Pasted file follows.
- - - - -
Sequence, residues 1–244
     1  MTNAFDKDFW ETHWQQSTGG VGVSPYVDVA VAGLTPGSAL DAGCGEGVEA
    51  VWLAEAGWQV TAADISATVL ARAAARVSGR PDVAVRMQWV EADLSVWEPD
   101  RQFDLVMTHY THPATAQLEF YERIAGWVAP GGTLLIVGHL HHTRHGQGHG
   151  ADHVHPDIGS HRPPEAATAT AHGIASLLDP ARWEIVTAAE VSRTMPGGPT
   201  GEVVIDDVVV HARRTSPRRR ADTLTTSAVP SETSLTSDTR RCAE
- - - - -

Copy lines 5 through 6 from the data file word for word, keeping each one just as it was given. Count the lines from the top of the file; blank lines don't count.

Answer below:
   151  ADHVHPDIGS HRPPEAATAT AHGIASLLDP ARWEIVTAAE VSRTMPGGPT
   201  GEVVIDDVVV HARRTSPRRR ADTLTTSAVP SETSLTSDTR RCAE